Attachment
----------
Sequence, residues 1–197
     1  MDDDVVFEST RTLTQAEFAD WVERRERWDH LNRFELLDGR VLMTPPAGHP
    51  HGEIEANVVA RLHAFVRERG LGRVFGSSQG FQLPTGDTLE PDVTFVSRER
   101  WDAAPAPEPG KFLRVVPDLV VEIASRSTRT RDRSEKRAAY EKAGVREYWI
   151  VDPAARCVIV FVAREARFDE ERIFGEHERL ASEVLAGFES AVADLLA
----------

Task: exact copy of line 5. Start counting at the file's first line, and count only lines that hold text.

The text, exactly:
   151  VDPAARCVIV FVAREARFDE ERIFGEHERL ASEVLAGFES AVADLLA